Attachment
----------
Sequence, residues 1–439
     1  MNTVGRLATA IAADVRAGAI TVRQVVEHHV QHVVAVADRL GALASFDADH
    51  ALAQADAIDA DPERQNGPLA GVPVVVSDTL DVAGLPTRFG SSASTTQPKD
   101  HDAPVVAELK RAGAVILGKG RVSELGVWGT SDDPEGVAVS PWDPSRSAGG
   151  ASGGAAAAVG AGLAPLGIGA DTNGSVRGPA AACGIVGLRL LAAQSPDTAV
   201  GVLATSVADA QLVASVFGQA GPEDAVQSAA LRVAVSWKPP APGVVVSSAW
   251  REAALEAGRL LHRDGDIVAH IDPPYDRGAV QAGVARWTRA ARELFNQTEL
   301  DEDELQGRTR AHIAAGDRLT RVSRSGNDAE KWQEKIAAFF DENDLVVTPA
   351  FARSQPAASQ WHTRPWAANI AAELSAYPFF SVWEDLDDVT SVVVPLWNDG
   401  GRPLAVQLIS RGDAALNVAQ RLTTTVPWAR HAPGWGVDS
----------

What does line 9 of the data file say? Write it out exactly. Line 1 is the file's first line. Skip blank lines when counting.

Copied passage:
   351  FARSQPAASQ WHTRPWAANI AAELSAYPFF SVWEDLDDVT SVVVPLWNDG